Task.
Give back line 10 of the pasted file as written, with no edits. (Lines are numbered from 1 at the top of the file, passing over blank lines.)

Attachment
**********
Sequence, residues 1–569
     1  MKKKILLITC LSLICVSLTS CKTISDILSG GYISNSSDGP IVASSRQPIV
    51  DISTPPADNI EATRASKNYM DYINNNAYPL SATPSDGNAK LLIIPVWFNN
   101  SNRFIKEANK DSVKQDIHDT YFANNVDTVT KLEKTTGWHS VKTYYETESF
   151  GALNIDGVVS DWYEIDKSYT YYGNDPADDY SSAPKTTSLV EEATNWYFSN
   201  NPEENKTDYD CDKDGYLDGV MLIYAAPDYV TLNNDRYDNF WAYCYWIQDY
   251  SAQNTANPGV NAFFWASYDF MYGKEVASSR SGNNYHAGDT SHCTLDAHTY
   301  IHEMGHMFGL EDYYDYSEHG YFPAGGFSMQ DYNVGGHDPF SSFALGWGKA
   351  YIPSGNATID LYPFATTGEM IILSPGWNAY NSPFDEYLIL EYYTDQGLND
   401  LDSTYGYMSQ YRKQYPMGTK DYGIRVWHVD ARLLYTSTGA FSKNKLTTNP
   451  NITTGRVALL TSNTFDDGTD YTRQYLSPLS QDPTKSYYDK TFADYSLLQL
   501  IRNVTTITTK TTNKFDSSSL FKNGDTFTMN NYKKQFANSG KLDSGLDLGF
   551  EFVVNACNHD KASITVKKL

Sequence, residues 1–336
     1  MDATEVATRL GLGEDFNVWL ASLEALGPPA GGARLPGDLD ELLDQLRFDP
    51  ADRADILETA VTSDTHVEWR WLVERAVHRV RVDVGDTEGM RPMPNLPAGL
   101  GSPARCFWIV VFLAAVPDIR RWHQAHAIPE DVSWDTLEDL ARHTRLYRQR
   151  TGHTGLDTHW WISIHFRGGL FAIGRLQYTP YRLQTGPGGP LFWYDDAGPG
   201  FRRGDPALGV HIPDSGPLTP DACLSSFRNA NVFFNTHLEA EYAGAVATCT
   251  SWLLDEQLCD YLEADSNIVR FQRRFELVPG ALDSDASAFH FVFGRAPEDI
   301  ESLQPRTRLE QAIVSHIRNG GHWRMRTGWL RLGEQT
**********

   401  LDSTYGYMSQ YRKQYPMGTK DYGIRVWHVD ARLLYTSTGA FSKNKLTTNP